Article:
Professor Felice Jacka, nutritional psychiatry researcher and founder of ISNPR/International Society for Nutritional Psychiatry Research posted this exciting news and important request on the ISNPR facebook page:
The SMILES RCT, which is the first randomised controlled trial to test whether dietary improvement can actually treat depression, has now been accepted for publication in BMC Medicine (publication date 31st January).
As part of the media campaign, we will be needing to identify people who are willing to be interviewed. If there is anyone who has personally experienced a benefit from improving their diet, would you please volunteer for this purpose?
It’s a very important role, as the media coverage for SMILES will be limited if we can’t provide personal, first-person experiences to journalists. Clearly – for the sake of the field – it will be important to generate extensive media in order for clinicians and the general public to understand the implications and possibilities that arise from the RCT. Your help is enormously appreciated!
You can read more about this SMILES RCT here and the Anxiety Summit interview with Felice Jacka here: The Research – Food to prevent and treat anxiety and depression?.
Although anxiety was looked at in the study, Felice shared this regarding the type of interviewees they are looking for:
- We really need to keep a focus on the topic of the RCT, which is depression
- And to also keep it to those who improved the quality of their diet i.e. moving from a processed food diet, to one high in plant foods and healthy fats and healthy proteins
- Not a particular type of diet (e.g. not paleo, not gluten free).
If you’ve personally benefited from changing your diet in this way and you’d like to help by sharing your story with the media please comment on the blog (or send an email to support [at] everywomanover29.com) with details of your story and willingness to be interviewed, plus your location. Be sure to let us know how best to contact you.
Right now we’ll just be calling on those who meet the above criteria for the media interviews.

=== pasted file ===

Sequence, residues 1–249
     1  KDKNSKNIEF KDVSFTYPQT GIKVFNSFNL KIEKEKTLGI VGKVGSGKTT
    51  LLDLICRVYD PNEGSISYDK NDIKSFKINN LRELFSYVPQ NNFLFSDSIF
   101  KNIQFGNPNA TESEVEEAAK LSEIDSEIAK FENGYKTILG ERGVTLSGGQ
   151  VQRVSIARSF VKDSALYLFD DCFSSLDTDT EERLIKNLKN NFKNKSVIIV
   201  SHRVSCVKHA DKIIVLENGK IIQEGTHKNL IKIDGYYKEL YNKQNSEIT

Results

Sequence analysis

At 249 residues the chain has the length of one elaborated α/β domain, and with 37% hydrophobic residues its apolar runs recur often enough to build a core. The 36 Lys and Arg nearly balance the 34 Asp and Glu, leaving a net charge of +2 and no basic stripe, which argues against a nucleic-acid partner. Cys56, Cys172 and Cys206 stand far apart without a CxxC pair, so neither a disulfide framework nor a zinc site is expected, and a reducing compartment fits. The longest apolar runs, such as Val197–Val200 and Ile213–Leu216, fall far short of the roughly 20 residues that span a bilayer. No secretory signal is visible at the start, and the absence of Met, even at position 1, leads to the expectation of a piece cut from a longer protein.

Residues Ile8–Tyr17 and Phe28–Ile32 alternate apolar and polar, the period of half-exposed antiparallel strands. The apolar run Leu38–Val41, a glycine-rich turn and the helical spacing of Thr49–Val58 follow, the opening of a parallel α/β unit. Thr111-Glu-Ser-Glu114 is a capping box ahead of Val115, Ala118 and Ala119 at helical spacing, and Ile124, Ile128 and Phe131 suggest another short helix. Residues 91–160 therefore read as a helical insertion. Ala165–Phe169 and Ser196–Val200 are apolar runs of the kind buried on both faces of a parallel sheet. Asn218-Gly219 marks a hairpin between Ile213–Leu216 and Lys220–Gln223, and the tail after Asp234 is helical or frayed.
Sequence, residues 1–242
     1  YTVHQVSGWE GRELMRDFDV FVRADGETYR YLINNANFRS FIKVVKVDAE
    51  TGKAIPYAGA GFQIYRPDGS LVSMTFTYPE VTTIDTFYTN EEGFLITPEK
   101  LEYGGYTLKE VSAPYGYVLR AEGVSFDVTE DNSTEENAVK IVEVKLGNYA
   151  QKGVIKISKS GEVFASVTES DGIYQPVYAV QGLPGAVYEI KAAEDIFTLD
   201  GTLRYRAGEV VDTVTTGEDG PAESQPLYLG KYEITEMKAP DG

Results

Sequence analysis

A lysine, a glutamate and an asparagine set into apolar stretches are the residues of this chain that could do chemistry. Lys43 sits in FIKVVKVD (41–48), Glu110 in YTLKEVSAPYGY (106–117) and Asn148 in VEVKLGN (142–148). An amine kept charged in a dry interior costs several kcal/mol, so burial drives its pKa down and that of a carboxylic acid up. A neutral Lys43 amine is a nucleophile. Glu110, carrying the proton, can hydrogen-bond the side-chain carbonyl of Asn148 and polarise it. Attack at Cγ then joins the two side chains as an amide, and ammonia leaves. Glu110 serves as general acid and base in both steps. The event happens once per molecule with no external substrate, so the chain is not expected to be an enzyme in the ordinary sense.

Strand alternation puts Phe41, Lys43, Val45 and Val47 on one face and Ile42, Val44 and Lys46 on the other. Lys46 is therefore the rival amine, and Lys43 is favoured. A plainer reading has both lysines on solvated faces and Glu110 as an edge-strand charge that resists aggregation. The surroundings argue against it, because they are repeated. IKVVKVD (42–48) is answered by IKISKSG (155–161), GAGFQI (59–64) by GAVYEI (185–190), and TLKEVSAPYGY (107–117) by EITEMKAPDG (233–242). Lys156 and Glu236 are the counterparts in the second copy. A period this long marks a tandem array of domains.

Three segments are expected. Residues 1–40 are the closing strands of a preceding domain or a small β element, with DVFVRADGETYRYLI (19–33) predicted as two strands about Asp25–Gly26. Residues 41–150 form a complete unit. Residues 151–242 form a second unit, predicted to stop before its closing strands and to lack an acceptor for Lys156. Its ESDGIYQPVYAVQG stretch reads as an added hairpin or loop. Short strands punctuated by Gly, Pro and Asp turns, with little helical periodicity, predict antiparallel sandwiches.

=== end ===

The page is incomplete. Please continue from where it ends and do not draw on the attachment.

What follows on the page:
BUT if you’ve benefited from any other changes to your diet – for either anxiety or depression – feel free to share anyway, so we can inspire others to do the same.
Here is my story:
For me it was anxiety and panic attacks that resolved when I made dietary and other nutritional and lifestyle changes. I had been eating a vegetarian diet for a few years and I suspect the non-organic/GMO processed soy products (soy milk, soy yogurt, soy “butter” etc) were a big issue for me and damaged my gut. When I added back quality animal protein (grass-fed red meat, wild fish, pastured eggs and chicken), switched to organic produce, added healthy fats and removed gluten my mood improved dramatically. Now I eat a combination of a Paleo/SCD /low FODMAPS/low oxalate diet.
During the severe anxiety and panic attacks I also needed additional support in the way of the targeted amino acids GABA (this was a life-saver and stopped the panic attacks in a few days) and tryptophan, plus zinc, vitamin B6, evening primrose oil, a good multi and B complex and adrenal support. I still continue with some of these basic nutrients today.
My health issues have been complex as I’ve also had to deal with heavy metals, poor gut health and much more so I had what I call “a perfect storm” and yet diet has had such a huge impact for me!
Thanks for sharing your story! I’ll be sharing more as soon as the paper is actually published. Stay tuned for an interview with Felice too!
And big congrats to Felice and her team on this ground-breaking research!
UPDATE January 30, 2017: Here is the link to the research – A randomised controlled trial of dietary improvement for adults with major depression (the ‘SMILES’ trial)